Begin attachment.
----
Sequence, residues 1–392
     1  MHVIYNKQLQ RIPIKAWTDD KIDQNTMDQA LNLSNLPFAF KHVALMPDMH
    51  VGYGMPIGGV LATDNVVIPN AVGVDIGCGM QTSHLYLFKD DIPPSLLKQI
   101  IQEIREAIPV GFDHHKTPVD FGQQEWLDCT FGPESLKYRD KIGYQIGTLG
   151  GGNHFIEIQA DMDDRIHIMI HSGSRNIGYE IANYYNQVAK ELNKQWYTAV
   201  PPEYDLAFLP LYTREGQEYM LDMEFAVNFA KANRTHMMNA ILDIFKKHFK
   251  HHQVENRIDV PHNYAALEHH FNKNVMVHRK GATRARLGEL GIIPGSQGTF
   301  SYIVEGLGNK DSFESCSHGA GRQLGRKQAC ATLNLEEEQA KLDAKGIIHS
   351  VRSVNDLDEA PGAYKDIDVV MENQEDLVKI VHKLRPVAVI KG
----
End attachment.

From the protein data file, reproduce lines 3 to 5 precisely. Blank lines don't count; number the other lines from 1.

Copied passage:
    51  VGYGMPIGGV LATDNVVIPN AVGVDIGCGM QTSHLYLFKD DIPPSLLKQI
   101  IQEIREAIPV GFDHHKTPVD FGQQEWLDCT FGPESLKYRD KIGYQIGTLG
   151  GGNHFIEIQA DMDDRIHIMI HSGSRNIGYE IANYYNQVAK ELNKQWYTAV